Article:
I have two of these adjustable voltage regulators ( http://www.dimensionengineering.com/DE-SWADJ3.htm ) and two 12 volt battery packs (from electric drills, their maximum voltage is actually around 14 volts).
I want to power a computer that needs 19 volts. I am not sure how much power the computer uses but I think it is less than 50 watts.
My plan is to regulate each 12 volt battery down to 9.5 volts and then connect the outputs of the regulators in series for a total of 19 volts.
Do you forsee any problems with this setup, could the switching of one regulator interfere with the other? I am asking for your opinion first because these thinghies are somewhat expensive and they blow up very very quickly if mishandled (one of them released its blue smoke instantly when I plugged it in backwards).
Tricky. I’m not sure. Here
Tricky. I’m not sure. Here is one thread I found on the subject. No definitive answers, but some things to consider are discussed.
My only concern is that each
My only concern is that each of those babies can only handle 3A and they are each rated for only 25W. In series they can still only handle 25W because they will both be handling the same current. You said your PC is rated 50W, this may be an issue. Please correct me if I am wrong.
They even mention that older models were connected in parallel to achieve higher power ratings, however I can’t say if it is still safe for a series connection.
Why not connect your two batteries in series so that they output 24V and then use your two voltage regulators in parallel to step that down 19? That way you won’t go over the power rating, and you will be doing something they have tried before.
power = voltage x current so either I do
voltage/2 x current ( series connection )
current/2 x voltage ( parallel connection )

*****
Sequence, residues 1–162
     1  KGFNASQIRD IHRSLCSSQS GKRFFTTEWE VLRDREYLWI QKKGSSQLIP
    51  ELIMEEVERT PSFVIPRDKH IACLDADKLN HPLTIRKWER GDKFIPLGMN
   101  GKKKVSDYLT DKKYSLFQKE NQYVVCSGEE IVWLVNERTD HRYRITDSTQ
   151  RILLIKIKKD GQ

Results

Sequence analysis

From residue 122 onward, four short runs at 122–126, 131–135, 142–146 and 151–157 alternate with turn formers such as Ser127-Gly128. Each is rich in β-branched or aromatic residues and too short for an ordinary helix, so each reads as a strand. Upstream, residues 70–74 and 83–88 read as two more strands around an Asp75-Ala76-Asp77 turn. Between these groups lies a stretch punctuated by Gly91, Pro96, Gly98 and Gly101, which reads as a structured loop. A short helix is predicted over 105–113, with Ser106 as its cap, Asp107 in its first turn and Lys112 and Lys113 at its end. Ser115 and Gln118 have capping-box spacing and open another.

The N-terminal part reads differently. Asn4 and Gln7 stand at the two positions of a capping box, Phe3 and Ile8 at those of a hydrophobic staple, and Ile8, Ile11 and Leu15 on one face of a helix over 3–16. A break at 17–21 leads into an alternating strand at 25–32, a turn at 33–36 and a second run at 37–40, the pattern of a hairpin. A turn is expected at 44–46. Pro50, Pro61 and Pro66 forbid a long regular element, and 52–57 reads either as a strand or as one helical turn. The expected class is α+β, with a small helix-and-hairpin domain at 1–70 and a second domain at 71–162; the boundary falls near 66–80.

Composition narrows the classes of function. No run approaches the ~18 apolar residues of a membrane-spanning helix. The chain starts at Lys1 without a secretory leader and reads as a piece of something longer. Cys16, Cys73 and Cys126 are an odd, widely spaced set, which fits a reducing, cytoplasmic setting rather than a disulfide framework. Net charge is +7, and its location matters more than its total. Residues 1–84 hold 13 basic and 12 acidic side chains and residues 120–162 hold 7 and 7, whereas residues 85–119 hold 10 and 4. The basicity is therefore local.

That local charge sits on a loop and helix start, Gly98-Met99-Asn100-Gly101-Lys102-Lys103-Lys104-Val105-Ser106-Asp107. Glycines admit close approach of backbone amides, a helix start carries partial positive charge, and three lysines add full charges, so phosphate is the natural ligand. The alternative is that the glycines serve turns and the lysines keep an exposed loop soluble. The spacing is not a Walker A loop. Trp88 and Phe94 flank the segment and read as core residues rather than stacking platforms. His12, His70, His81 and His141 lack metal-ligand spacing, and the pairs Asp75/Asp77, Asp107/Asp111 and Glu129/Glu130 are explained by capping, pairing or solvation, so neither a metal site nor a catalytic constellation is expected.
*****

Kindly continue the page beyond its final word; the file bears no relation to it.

I get the same thing
The thing is those regulators can only output a maximum of 12-13 volts - that’s why I had to use them in series.
I should mention that I tried it and it worked :D, however this doesn’t always work with mains powered sources (for example I couldn’t test the setup with 12 volt wall warts because the output ground is the mains ground on both wall warts so connecting the plus from regulator 1 to the ground of regulator 2 would actually short regulator 1 and the blue smoke would escape)
True that P = IRBut this
True that P = IR
But this is how I think of it, correct me if I’m wrong. Say you have a constant load that requires a current C at 19Volts.
If the regulators are in parallel outputting 19V then each of them will provide roughly C/2
If they are in series then the first one will give a voltage from 0 - 9.5V with a currect C and the second will give a voltage from 9.5 - 19V at a current C.
If you have a constant load in both cases that draws a current of 4 amperes. In the first case each regulator would only provide around 2 amps, while in the second each would have to provide 4amps. It is true that the power provided by each is the same but in a series connection the regulators would see a current (4 amps) that is outside their operating range of 3amps.
Parallel: 19 x 2 + 19 x 2= 38 + 38 = 76 W
Series: (9.5-0) x 4 + (19-9.5) x 4 = 38 + 38 = 76W
Either way you are right that the regulators can’t fo 19V (didn’t notice that). Glad you got it to work =)